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Online Privacy and Your Digital Footprint: Home

Contact the Library

In Person

We are located on the top floor of Building 9, above the Learning Center. 

 

By Phone

Circulation: 650-306-3485

Reference:  650-306-3480

 

Make A Research Appointment

Why worry about privacy online?

The internet is:

  • Public - once a text that mentions you, or a picture of you, is posted online it is nearly impossible to keep it secret.
  • Persistent  - electronic records never disappear unless someone actively chooses to delete them.
  • Necessary and extremely useful - most of us have to use it for our work and in our daily lives.
  • Everywhere - even if we don't log online, digital records of our lives are collected by online purchases (credit cards, PayPal, online banking), through security cameras, by Fastrak transponders, etc.

and 

  • Beyond our control - but we can take steps to manage our "digital footprints" and minimize risk.

Big Data

The San Jose Public Library explains that: 

"The key to managing privacy in the information age is understanding the current technology well enough to make informed choices about what information you share and who sees it. You don't have to be a computer expert ­­ everyone can learn some basic steps to better manage their privacy!"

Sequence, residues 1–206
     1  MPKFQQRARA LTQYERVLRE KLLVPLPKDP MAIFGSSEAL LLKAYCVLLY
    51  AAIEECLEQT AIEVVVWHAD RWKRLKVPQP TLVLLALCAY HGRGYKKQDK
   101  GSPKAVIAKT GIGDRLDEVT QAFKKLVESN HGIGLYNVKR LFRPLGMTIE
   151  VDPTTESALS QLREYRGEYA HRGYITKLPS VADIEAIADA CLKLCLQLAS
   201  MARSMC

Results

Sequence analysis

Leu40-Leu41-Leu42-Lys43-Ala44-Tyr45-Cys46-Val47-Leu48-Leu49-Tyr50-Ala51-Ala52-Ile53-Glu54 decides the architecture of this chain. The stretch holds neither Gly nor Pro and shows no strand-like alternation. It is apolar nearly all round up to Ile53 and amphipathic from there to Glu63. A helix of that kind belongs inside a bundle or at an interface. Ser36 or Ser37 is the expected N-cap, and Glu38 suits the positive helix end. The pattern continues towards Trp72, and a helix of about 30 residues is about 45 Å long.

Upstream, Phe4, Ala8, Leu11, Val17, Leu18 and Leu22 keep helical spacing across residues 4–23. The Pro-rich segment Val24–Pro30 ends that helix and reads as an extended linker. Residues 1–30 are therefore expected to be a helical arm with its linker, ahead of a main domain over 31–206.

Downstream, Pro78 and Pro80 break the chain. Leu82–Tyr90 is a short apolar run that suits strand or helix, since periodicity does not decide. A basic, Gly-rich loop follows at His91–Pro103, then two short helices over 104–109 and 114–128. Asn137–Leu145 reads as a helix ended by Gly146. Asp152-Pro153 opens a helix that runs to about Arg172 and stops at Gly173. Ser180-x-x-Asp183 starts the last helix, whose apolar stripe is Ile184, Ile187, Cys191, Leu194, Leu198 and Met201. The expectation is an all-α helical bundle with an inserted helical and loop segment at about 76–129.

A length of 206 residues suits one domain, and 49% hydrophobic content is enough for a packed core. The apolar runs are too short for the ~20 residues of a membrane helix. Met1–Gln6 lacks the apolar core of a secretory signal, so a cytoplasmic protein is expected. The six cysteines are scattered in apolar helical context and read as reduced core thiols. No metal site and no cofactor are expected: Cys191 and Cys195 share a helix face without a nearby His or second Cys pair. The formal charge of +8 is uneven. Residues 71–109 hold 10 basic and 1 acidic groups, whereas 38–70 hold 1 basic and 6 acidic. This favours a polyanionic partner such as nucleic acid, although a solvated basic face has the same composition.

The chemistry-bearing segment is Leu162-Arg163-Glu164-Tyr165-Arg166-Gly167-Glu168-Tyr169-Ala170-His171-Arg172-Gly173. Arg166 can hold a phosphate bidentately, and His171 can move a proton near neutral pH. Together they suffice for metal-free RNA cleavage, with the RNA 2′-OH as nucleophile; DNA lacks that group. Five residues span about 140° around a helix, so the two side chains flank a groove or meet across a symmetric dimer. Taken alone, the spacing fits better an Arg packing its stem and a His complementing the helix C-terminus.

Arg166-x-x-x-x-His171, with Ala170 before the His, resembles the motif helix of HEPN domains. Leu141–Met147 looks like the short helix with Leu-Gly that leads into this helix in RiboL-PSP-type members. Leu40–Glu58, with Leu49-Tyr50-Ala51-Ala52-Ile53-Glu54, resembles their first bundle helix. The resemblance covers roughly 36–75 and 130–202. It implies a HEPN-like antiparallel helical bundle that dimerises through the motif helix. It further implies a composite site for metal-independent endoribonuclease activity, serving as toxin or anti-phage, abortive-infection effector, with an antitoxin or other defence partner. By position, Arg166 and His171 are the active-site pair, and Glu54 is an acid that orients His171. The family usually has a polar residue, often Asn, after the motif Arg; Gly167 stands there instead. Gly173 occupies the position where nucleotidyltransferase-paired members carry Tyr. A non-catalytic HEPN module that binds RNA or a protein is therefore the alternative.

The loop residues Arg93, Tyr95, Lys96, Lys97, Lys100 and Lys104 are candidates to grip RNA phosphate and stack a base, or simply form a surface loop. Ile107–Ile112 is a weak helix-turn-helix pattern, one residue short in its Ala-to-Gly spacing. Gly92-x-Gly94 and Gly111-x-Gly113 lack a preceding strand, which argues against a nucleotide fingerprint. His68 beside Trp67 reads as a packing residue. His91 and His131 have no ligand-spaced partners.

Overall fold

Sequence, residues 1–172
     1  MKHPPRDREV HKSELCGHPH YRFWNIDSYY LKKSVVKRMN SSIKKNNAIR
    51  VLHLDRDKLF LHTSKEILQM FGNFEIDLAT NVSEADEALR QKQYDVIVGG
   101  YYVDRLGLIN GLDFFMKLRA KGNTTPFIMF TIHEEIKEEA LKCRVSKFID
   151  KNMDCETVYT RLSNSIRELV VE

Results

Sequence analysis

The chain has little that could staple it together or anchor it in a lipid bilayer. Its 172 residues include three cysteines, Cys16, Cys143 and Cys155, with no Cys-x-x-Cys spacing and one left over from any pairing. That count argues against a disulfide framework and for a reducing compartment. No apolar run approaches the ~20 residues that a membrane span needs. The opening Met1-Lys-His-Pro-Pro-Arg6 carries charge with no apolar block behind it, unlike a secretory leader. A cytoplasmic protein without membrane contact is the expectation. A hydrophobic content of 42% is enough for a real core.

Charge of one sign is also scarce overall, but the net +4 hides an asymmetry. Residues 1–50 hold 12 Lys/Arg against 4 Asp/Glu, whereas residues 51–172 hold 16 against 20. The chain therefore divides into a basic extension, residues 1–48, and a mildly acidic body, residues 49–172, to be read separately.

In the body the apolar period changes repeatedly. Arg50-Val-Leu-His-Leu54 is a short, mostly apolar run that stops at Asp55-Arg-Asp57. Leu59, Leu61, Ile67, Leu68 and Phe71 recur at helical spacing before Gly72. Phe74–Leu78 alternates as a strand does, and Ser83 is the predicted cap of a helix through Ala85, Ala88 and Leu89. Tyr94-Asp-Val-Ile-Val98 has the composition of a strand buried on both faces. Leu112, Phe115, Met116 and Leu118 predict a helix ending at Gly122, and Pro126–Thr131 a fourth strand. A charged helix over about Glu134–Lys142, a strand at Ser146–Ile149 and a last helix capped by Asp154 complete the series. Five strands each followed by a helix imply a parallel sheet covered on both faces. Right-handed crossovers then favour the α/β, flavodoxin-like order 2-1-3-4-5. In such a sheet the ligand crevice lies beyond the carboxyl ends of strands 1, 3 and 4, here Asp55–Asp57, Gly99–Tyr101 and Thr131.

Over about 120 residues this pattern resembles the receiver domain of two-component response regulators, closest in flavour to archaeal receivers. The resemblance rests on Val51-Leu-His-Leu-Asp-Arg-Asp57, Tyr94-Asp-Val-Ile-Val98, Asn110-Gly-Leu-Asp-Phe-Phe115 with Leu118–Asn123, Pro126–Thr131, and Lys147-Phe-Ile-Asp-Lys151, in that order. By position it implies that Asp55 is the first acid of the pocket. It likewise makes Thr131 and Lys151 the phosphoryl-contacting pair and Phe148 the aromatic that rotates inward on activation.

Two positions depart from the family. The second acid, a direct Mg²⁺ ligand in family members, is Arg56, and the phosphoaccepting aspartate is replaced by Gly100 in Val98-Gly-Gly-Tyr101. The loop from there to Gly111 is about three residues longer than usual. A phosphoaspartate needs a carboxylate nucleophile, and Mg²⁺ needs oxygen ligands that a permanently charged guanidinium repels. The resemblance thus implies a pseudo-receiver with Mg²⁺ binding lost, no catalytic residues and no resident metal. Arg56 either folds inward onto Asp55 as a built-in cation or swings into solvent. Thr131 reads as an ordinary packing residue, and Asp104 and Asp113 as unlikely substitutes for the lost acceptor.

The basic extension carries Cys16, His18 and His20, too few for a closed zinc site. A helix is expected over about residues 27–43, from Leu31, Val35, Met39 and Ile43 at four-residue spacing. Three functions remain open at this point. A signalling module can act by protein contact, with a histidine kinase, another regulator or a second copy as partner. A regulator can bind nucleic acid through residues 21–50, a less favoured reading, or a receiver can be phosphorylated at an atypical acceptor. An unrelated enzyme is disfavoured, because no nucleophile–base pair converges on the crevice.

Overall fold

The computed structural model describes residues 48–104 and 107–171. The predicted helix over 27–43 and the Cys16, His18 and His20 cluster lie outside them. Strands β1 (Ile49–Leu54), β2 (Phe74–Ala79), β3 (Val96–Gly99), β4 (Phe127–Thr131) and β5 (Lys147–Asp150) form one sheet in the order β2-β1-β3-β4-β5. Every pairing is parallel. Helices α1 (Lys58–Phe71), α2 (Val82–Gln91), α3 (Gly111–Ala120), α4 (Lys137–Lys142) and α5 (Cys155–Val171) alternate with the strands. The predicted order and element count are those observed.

What could go wrong?

What could go wrong? Identity theft and just plain theft, flame wars and online bullying or personal threats, doxxing, 'bots interfering with elections, reputations destroyed or jobs lost - these are just some of the kinds of damage that can happen when we lose privacy online. 

At the same time, most of us can't live "off the grid". The good news is that we can take steps to minimize risks online. 

The point is:

Stay up to date on privacy & technology

Technology changes rapidly - and privacy concerns change just as quickly.

Good sources of information to stay current on the latest tools and concerns are linked below. The San Jose Public Library's Virtual Privacy Lab (with some information in Spanish and Vietnamese as well as English) offers an interactive Toolkit. The American Library Association's weekly blog, Voices for Privacy, is a good news source. And the Electronic Frontier Foundation's Privacy webpages cover a wide range of issues and concerns (other sections of the EFF website cover creative works, innovations and free speech topics).